The breakthrough to Blitzkrieg marked the re-emergence of mobile fire in industrialized warfare. The emergence of industrialized warfare in the late nineteenth and early twentieth century initially led to the strengthening of the defense, so that the First World War was dominated by stalemate. Early machine guns were heavy and mounted in fixed emplacements, while barbed wire hampered movement. But the perennial efficacy of mobile fire virtually dictated that this disproportionate strength of the defense could not last. (Also, it is a central principle of war that only offense action achieves decisive results.)

German Panzer IV tanks lined up for inspection in France during the Second World War.

German Panzer IV tanks lined up for inspection in France during the Second World War.

There are scholarly controversies over the theoretical and historical emergence of Blitzkrieg, but that a new form of warfare had emerged, utterly distinct from the industrialized carnage of the First World War, was clear. As formulated by one of the preeminent British inter-war strategists, J. F. C. Fuller, the aim of Blitzkrieg is:

…after breaking through the enemy’s front lines, to employ mobility as a psychological weapon: not to kill but to move;not to move to kill but to move to terrify, to bewilder, to perplex, to cause consternation, doubt, and confusion in the rear of the enemy, which rumor would magnify until panic became monstrous. In short, its aim was to paralyze not only the enemy’s command but also his government, and paralyzation would be in direct proportion to velocity.

J. F. C. Fuller, The Conduct of War 1789-1961, XIII …

The efficacy of mobile fire was again proved during the guerrilla wars that became common in the twentieth century and which continue to the present day. It is a common tactic of asymmetrical warfare for guerrillas to attack regular military forces by ambush, after which they destroy all the heavy supplies of which they cannot make immediate use, taking only the light weapons that they can carry, arming themselves while remaining mobile. The guerrilla fight is nothing if not mobile. Mao famously said that “The guerrilla must move amongst the people as a fish swims in the sea.” The emphasis on this quote is usually given to the indistinguishability of the guerrilla fighter from the people amongst which he hides, but just as important is the implied mobility of a fish in the sea.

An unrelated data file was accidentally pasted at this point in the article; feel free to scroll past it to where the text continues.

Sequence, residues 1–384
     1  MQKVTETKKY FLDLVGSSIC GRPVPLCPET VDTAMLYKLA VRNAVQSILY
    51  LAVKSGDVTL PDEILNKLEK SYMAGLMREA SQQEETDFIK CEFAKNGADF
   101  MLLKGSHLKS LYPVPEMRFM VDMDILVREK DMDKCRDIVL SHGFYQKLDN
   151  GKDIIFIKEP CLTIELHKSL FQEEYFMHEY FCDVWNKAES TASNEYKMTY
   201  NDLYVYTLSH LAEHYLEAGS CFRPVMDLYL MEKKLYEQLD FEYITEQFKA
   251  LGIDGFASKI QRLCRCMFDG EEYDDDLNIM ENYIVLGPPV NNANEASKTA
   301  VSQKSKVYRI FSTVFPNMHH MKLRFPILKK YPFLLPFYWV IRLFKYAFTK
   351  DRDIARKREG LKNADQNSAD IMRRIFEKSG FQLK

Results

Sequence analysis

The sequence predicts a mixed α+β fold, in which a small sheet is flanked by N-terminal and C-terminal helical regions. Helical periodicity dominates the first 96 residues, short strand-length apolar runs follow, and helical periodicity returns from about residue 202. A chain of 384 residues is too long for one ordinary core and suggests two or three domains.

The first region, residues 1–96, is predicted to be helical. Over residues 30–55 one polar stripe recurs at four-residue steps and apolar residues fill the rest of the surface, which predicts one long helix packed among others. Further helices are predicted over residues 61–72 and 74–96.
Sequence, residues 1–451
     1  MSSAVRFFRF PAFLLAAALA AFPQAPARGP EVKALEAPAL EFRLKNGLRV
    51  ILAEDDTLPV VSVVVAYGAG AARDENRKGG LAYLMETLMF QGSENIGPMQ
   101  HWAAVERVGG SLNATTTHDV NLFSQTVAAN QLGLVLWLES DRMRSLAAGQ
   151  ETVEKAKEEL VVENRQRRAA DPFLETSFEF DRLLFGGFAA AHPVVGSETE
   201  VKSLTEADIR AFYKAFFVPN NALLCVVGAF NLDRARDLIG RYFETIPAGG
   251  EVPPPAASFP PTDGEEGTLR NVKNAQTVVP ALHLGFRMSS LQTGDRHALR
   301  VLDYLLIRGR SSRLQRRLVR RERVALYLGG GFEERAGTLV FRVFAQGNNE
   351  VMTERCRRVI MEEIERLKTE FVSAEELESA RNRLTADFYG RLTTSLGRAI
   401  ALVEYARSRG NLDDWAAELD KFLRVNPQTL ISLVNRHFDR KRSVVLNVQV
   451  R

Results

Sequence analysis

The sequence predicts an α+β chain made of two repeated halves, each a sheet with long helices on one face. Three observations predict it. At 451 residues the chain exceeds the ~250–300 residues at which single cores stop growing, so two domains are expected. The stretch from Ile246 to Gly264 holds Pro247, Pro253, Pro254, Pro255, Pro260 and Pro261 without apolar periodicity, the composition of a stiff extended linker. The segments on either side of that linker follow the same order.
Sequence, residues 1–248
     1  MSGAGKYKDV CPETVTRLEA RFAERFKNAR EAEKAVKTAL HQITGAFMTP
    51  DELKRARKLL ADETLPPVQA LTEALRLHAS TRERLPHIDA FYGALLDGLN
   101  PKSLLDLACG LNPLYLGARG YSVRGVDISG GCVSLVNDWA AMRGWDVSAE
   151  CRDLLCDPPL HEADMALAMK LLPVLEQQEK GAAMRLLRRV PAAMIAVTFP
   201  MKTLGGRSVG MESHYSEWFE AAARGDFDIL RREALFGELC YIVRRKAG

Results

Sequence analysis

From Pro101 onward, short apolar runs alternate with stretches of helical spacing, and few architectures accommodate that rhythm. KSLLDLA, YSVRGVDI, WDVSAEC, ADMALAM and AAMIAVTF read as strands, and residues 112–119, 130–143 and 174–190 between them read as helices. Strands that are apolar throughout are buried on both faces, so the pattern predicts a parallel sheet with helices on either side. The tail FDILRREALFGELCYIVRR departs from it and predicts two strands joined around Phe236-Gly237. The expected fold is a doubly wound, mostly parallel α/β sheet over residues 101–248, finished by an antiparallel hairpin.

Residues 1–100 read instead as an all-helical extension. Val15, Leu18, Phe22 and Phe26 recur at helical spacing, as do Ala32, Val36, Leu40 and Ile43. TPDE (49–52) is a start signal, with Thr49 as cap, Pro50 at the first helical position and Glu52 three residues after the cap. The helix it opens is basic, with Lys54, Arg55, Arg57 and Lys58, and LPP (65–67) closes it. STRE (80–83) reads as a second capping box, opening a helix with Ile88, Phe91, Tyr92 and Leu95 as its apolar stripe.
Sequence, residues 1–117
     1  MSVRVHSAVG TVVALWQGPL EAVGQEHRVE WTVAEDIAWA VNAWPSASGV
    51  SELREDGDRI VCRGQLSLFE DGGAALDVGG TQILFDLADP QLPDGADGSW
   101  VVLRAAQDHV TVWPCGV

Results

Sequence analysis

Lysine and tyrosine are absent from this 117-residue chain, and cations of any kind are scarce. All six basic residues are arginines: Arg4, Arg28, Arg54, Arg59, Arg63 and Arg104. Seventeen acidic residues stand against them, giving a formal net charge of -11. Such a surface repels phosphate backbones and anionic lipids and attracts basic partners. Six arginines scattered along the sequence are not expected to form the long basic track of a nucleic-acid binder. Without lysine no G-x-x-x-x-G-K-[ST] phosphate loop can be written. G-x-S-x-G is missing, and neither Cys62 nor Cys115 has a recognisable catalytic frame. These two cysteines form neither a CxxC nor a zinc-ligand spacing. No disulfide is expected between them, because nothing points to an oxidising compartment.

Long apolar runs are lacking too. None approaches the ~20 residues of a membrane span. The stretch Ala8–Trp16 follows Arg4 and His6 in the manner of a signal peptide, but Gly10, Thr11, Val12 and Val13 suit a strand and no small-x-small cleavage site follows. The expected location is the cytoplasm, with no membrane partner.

In the unlikely event that Pentagon planners come knocking at my door to ask my advice, I would say simply focus on mobile fire. And then I would elaborate:

The most advanced weapons systems of our time are those of mobile fire: the helicopter gunship and the aircraft carrier. Precisely because these are the most advanced weapons systems of our time, technological marvels of unrivaled sophistication, they are subject to severe constraints. Such weapons systems are extremely expensive, and because they are expensive few are built. Indeed, many advanced weapons systems have entered what is sometimes called a “death spiral” in which the price continues to climb and fewer units of each weapons system are built. If the trend continues, more money will be spent on fewer and fewer units, until only a handful of units can be built, and this cannot be the basis of the world’s largest military force.

Italian made Augusta A-129 Mongoose helicopter gunship.

Italian made Augusta A-129 Mongoose helicopter gunship.

Yet one of the distinctive features of effective mobile fire has been its mass deployment. This hasn’t been discussed in the above simply because I am not sure of how to formulate it, but mobile fire is like a swarm that engulfs an enemy, and his engulfment in fire promotes the kind of psychological response that J. F. C. Fuller credited to velocity: consternation, doubt, and confusion. The initial deployment of tanks in World War One, while inspiring fear and bewilderment in the enemy ranks, was ultimately a disappointment due both to the insufficient number of tanks fielded and their mechanical unreliability. In World War Two, tanks would become the preeminent weapon of mobile fire, employed in numbers that would be decisive.

J. F. C. Fuller, a controversial man and a widely quoted military strategist.

J. F. C. Fuller, a controversial man and a widely quoted military strategist.

The spirit of mobile fire should be a military doctrine that expresses itself not only in technological marvels like a helicopter gunship, but at the simplest and most basic level of combat operations. Mobile fire should proliferate, as the proliferation of the Kalashnikov in the hands of third world guerrilla fighters has made mobile fire a deadly reality and has transformed otherwise powerless people into a force to be reckoned with.

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Guerrilla recuits in Aceh training with AK-47s.

Guerrilla recruits in Aceh training with AK-47s.